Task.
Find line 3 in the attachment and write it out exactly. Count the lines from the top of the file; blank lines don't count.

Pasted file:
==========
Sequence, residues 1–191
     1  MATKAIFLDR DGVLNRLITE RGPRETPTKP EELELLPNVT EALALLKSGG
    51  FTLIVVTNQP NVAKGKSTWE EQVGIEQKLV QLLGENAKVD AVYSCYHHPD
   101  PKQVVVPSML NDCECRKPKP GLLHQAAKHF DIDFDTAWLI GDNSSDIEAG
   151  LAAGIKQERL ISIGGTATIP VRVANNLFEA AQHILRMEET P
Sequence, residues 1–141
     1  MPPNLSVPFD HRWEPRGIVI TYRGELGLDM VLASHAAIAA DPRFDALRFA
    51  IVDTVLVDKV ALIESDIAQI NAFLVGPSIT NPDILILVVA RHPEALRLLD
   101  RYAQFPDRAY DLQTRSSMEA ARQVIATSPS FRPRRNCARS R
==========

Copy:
    51  FTLIVVTNQP NVAKGKSTWE EQVGIEQKLV QLLGENAKVD AVYSCYHHPD